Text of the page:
Alvarez, who says RST most often sees cases of labor trafficking in Austin, remembers a case where a group of Chinese nationals were subjected to both sex and labor work at a massage parlor in Round Rock. They lived in the business’ building, slept on the massage tables, and weren’t allowed to leave. In another case, a Nigerian woman in Houston — the most slavery-ridden city in Texas — was forced into domestic servitude and was enslaved as a nanny for a family in the suburbs. A neighbor had noticed her walking the children around the block and, thinking there was something off about the arrangement, befriended her. Then one day, the Nigerian woman appeared on the neighbor’s doorstep. She had escaped from her home, where it turned out the family she lived with refused to give her proper food, didn’t allow her to sleep, and regularly beat her.

“You have to care about who is around you in your own community,” Alvarez says, noting that everywhere she goes, she makes an effort to get to know the people she interacts with. “It’s about taking time to see who is doing your pedicure, who is washing your hair, or who is cleaning your house.”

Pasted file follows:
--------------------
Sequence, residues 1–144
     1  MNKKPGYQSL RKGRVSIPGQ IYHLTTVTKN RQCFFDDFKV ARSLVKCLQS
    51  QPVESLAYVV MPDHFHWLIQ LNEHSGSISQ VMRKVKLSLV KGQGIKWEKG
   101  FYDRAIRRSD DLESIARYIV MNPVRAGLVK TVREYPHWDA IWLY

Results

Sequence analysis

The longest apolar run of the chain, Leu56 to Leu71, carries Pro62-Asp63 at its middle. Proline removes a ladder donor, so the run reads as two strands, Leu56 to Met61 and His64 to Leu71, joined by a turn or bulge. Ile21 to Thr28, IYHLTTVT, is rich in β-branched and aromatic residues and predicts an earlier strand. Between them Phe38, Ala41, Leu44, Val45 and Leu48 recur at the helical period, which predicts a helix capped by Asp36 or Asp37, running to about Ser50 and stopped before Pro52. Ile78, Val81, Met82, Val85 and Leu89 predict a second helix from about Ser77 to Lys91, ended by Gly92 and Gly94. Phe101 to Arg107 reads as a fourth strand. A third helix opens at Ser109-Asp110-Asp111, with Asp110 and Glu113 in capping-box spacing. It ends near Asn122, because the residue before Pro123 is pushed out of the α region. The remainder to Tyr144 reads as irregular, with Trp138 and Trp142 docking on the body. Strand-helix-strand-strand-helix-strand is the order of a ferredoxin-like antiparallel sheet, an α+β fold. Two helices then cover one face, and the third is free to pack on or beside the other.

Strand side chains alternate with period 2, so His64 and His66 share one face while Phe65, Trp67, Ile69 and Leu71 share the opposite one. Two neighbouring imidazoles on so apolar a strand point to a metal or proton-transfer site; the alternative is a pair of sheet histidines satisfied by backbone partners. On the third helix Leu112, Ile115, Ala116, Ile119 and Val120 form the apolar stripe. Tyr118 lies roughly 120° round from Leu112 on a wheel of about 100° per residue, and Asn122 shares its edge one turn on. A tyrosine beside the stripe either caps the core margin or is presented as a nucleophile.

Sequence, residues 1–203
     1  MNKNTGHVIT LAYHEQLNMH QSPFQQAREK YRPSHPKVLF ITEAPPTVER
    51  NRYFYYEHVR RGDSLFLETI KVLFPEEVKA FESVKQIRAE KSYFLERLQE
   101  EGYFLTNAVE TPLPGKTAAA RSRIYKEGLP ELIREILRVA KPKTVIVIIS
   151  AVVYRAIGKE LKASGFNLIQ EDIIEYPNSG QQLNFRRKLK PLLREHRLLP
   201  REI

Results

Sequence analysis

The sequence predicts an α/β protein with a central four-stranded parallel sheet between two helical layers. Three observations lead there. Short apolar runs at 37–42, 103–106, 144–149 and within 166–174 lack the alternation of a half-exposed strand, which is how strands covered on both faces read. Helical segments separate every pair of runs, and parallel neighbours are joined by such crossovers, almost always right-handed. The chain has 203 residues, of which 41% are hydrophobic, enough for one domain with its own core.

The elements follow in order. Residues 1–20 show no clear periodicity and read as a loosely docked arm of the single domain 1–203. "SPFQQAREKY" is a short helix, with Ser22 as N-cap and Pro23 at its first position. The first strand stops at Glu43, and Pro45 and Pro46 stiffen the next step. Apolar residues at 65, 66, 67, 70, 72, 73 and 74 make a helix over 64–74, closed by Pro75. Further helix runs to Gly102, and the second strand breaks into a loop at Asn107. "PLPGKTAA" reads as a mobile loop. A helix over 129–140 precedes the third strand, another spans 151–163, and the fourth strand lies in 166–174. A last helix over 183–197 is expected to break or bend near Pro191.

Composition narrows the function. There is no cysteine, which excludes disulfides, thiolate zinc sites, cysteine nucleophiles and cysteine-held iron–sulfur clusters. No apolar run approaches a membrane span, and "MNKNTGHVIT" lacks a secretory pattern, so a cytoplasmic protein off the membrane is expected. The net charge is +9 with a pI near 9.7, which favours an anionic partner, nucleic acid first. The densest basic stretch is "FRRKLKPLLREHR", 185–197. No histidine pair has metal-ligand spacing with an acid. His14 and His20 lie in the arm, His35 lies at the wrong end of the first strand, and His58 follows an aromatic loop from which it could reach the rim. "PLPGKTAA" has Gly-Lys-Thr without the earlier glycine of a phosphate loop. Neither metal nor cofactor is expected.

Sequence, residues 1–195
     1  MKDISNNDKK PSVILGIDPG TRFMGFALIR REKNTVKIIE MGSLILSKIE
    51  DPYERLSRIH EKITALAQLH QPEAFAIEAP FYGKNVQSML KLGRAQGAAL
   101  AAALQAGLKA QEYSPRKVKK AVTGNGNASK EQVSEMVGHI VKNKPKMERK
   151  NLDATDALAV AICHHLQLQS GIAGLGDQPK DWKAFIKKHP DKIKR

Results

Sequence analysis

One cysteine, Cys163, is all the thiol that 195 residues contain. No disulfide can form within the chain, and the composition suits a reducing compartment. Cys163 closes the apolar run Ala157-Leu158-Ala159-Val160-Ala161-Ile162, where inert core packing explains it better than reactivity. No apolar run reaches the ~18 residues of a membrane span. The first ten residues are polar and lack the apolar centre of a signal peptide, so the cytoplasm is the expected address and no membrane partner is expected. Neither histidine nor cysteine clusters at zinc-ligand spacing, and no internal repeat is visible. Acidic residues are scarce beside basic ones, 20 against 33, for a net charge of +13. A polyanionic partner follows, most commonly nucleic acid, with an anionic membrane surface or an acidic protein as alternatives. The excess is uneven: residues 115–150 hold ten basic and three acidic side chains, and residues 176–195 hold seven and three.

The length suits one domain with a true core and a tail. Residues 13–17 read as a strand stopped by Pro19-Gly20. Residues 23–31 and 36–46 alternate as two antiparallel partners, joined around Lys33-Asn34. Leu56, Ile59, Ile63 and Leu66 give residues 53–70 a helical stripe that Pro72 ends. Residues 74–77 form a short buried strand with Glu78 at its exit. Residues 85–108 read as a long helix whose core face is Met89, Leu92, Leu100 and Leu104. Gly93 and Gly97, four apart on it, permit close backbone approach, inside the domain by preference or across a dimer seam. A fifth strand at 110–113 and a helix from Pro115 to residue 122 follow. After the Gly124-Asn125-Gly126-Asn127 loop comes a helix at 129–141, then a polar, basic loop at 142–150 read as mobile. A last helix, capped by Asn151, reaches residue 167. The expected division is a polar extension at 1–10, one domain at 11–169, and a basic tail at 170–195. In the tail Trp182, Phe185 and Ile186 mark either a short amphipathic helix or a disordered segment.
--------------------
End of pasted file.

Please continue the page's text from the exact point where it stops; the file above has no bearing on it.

The internet has also contributed to the rise of traffickers of all kinds. Melton says those involved with labor exploitation use the internet to spread job postings and coordinate meetups. And though prostitution still happens on the streets and by word of mouth, sex traffickers also sell men and women through online advertising and websites like Backpage.com, a classified advertising site that recently came under fire amid allegations of facilitating prostitution and human trafficking. But on either side of the trafficking spectrum, the use of the internet is prolific because it allows for nearly complete anonymity. “I could drive to a seedy part of town to pick someone up or I could have them delivered as quickly as Amazon,” Melton says. “The internet has made it easier for traffickers and people who might not have otherwise risked arrest.”